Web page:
One Nation helps Porter win in Pearce

The Liberals ran a negative campaign including calling the ending of a concession, which Labor says will cost the Budget $11.4 billion over the forward estimates, a tax.

CHRISTIAN Porter’s win in Pearce could have a lot to do with a first preference swing to Pauline Hanson’s One Nation party’s Sandy Old and less on the support of the Nationals.

On Sunday, May 19 with about 70 per cent of the vote counted in Pearce the candidate for Pauline Hanson’s One Nation Sandy Old, according to the Australian Electoral Commission, has received 7.82 per cent of the first preference votes in the electorate.

This benefited Mr Porter due to Pauline Hanson’s One Nation putting the Liberals in front of Labor on the party’s how-to-vote cards in Pearce – last federal Election Pauline Hanson’s One Nation put sitting members last, which disadvantaged the Coalition.

At the same time the National’s Steve Blyth only recorded 1.35 per cent of the first preference votes.

Just some of the positive swings Mrs Old registered include Two Rocks 10.29 per cent, Yanchep North 9.12 per cent, Woodridge 16.18 per cent, Gingin 8.70 per cent, Ledge Point 9.35 per cent, Alkimos 5.14 per cent and Butler East 7.85 per cent.

Meanwhile, some of Mr Blyth’s negative swings include Lancelin 10.18 per cent, Gingin 7.92 per cent, Guilderton 8.12 per cent, Ledge Point 13.16 per cent and Seabird 16.24 per cent.

The Australian Electoral Commission data shows in the first preference count Labor candidate for Pearce Kim Travers recorded a negative swing of 4.01 per cent while Mr Porter registered a negative swing of 1.66 per cent.

Labor left itself wide open to claims it wanted a fair go for everyone except the big end of town including wealthy retirees.

Once preferences were allocated (and with 59 of 64 polling places returned and 69.48 per cent of votes counted) the two candidate preferred count showed a 3.14 per cent swing away from Ms Travers to Mr Porter.

The same trend appears to have happened across the country with ABC chief election analyst Antony Green saying early this morning that nationally the Coalition vote was down a little while Labor was down 1.4 per cent.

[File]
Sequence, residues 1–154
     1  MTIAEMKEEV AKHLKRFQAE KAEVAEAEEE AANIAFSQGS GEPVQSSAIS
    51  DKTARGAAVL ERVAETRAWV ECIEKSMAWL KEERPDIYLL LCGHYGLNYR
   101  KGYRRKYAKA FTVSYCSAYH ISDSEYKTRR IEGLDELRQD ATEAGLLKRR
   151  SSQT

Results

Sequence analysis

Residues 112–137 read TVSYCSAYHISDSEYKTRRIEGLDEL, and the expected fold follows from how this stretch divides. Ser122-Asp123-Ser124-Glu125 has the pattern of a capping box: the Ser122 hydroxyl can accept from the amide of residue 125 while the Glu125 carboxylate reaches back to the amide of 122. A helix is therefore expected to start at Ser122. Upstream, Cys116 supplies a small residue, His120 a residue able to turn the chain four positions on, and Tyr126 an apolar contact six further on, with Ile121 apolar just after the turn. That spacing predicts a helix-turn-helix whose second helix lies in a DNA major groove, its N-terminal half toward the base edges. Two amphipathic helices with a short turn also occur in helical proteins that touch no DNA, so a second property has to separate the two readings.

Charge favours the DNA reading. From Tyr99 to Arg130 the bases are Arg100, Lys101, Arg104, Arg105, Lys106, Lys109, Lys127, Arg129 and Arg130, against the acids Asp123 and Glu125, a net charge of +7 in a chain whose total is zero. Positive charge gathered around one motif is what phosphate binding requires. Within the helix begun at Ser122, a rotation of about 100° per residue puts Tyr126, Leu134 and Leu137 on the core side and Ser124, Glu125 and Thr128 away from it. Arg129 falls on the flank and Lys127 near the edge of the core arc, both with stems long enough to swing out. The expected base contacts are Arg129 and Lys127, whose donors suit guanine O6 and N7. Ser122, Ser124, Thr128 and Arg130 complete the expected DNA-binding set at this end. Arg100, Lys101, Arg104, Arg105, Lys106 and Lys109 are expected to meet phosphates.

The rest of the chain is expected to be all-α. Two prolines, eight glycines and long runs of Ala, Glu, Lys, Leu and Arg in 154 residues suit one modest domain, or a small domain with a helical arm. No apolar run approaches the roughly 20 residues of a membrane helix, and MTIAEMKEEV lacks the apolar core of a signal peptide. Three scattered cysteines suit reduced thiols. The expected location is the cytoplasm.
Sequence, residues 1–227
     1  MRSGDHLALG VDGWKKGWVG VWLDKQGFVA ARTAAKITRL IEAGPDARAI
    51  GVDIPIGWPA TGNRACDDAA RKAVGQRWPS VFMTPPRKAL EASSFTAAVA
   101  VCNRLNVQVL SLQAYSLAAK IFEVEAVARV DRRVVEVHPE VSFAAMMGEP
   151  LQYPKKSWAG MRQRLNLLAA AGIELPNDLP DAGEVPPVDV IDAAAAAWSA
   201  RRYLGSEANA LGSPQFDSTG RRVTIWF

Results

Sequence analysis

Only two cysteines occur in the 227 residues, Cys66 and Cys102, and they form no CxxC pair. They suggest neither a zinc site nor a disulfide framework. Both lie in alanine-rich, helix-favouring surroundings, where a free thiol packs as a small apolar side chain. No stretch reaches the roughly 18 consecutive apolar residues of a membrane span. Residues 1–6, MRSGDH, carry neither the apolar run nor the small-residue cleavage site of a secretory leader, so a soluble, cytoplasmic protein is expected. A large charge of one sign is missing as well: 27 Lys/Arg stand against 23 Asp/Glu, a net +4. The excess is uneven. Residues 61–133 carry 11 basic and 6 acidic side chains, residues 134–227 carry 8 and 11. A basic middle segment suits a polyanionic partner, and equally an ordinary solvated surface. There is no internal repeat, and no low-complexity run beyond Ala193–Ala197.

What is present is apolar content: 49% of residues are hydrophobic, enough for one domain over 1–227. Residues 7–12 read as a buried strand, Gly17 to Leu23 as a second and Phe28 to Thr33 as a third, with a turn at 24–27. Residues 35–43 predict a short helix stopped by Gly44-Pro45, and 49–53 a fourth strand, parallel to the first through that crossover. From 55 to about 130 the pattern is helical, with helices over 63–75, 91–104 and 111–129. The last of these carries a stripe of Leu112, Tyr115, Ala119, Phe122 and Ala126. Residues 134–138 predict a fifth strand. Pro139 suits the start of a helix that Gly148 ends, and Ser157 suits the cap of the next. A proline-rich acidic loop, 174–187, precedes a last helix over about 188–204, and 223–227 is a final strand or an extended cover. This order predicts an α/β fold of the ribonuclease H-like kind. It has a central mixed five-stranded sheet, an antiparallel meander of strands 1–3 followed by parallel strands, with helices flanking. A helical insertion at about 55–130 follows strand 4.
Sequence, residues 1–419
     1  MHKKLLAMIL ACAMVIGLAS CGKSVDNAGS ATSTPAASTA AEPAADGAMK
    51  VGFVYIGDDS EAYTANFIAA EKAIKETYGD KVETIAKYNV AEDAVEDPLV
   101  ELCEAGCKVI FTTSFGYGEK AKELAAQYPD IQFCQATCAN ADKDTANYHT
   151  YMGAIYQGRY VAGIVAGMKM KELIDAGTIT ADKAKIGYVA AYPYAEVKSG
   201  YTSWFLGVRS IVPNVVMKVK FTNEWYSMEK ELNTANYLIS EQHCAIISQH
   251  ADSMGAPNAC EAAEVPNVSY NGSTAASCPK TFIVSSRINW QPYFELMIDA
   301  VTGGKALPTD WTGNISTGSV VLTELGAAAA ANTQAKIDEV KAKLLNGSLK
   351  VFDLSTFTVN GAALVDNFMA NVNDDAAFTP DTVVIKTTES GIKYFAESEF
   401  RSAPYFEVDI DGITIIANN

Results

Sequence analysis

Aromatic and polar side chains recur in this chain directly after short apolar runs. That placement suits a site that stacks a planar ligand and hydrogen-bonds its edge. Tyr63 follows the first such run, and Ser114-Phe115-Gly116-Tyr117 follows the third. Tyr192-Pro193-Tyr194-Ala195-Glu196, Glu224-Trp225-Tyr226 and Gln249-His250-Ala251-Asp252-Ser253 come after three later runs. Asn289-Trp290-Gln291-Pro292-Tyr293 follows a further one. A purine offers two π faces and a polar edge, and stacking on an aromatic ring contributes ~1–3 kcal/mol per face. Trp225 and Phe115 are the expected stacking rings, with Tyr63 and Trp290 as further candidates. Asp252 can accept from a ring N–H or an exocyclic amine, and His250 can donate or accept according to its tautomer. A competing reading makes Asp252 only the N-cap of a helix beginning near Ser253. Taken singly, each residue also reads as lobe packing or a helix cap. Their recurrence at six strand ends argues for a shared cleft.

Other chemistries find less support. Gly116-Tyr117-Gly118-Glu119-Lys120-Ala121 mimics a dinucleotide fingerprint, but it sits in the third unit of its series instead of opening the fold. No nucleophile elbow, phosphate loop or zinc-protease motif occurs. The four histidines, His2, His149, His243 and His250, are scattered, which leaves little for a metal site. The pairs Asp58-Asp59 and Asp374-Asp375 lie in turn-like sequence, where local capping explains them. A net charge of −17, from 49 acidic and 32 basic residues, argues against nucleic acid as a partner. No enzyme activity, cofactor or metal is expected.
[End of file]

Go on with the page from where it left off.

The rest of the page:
“It’s the flow from the third parties which has created quite a difference here,’’ he said.

“When that converts into two-party preferred there is a 1.5 per swing to the Coalition across the country.’’

In the coming days the focus will shift from the negative campaign run by the Morrison government to what might be a minority government.

After declaring himself the underdog at the start of the campaign Christian Porter has won back the seat of Pearce.

At this stage, according to the Australian Electoral Commission, the Coalition has won 70 seats (with two close seats still in doubt) compared with Labor’s 67 seats (and one seat still in doubt).

Mr Green analysis shows five seats in doubt with the Coalition having won 75 seats and Labor 65 seats.

Mr Porter and the Morrison Government will then likely start looking at the tax plan they announced in the 2019 Federal Budget.

The tax plan included lifting the low and middle income tax offset so that everyone earning less than $126,000 a year would get a tax reduction in this year’s tax return (2018-19) and then another one for each of the following three years.

The Pre-election Economic and Fiscal Outlook 2019 signed in April said the immediate relief to low- and middle-income earners component of the Lower taxes for hard-working Australians: Building on the Personal Income Tax Plan measure required the relevant legislation to be passed before the increase to the low and middle income tax offset could be provided for the 2018-19 financial year.